How does Simone de Beauvoir portray men as privileged? Clearly, she believes that men get to be more autonomous in the second sense I described above: she thinks that women are sexed, whereas men get to be human (non-sexed).
She also believes that men get to be autonomous in the third sense: men don't have to be defined in reference to women, they get to escape reciprocity by being the "sole essential".
De Beauvoir also thinks men are privileged in the first, most basic sense described above; she believes that femininity is an artificial category:
The biological and social sciences no longer admit the existence of unchangeably fixed entities that determine given characteristics, such as those ascribed to woman ... If today femininity no longer exists, then it never existed.
Having dismissed the idea of natural distinctions between the sexes, De Beauvoir argues that these distinctions are explained by men wanting to keep women subordinate (i.e. men sought to uphold the artificial categories of gender for their own class interests):
But why should man have won from the start? It seems possible that women could have won the victory; or that the outcome of the conflict might never have been decided. How is it that this world has always belonged to the men ....?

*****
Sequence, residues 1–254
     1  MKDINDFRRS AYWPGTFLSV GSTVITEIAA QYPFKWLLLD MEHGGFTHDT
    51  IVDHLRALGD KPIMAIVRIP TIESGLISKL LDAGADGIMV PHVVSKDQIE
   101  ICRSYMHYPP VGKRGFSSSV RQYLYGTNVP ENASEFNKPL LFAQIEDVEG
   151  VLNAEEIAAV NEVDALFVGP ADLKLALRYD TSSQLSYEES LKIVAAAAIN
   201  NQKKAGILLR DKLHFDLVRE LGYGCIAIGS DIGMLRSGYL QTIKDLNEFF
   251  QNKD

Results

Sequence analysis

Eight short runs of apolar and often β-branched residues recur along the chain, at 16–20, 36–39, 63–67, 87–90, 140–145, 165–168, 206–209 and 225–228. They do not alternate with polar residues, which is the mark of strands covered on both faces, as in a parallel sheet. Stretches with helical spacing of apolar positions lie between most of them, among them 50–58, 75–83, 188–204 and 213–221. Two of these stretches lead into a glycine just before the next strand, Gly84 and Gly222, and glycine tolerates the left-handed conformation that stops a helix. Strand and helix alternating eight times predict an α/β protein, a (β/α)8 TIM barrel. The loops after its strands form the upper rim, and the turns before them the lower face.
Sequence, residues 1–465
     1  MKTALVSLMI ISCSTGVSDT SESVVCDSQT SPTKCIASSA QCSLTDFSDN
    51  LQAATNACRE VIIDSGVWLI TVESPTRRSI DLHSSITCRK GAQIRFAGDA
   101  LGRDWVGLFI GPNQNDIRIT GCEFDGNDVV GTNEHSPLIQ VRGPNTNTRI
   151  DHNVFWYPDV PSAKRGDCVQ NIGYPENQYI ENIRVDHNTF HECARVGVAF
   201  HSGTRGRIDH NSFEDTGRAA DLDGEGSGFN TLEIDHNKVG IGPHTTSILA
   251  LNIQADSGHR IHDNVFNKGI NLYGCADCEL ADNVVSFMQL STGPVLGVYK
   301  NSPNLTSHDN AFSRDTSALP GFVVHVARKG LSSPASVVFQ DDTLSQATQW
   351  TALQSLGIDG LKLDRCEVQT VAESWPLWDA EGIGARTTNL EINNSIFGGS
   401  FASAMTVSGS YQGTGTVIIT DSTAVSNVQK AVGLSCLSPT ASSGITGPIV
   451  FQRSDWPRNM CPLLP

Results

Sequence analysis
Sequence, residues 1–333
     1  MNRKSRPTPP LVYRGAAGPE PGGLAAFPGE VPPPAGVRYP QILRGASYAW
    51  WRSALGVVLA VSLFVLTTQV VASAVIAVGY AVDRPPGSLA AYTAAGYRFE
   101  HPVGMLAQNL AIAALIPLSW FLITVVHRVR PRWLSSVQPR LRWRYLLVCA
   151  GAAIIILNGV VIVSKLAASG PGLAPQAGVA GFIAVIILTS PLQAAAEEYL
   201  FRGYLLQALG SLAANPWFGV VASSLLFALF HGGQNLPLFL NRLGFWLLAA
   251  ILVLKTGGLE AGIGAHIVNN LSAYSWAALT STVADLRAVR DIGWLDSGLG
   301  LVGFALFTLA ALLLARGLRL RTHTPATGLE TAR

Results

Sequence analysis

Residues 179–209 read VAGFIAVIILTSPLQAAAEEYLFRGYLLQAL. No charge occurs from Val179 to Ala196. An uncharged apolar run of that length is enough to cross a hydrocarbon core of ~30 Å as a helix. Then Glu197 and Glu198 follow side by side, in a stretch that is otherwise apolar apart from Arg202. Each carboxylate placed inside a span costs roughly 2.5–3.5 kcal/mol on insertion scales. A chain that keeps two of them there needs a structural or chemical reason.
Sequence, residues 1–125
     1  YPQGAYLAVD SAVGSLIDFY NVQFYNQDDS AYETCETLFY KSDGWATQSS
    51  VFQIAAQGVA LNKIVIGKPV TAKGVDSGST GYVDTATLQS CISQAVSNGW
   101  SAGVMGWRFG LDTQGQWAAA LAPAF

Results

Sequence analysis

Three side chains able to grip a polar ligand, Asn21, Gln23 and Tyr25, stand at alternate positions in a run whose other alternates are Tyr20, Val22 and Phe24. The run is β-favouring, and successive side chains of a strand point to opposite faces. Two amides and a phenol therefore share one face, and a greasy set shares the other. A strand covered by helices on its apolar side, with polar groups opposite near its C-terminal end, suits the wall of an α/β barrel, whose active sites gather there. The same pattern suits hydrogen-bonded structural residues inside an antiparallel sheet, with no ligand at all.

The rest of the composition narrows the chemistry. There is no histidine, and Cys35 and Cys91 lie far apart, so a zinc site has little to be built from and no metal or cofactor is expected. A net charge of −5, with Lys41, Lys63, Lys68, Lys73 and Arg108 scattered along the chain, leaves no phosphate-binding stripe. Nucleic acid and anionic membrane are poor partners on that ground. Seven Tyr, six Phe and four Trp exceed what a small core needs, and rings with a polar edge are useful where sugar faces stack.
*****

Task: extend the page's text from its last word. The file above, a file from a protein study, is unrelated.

... the very fact that woman is the Other tends to cast suspicion upon all the justifications that men have ever been able to provide for it. These have all too evidently been dictated by men’s interest.
Legislators, priests, philosophers, writers, and scientists have striven to show that the subordinate position of woman is willed in heaven and advantageous on earth. The religions invented by men reflect this wish for domination ...
In proving woman’s inferiority, the anti-feminists then began to draw not only upon religion, philosophy, and theology, as before, but also upon science – biology, experimental psychology, etc. At most they were willing to grant ‘equality in difference’ to the other sex ...
So already in The Second Sex, way back in 1949, we have the three pronged liberal theory of male privilege.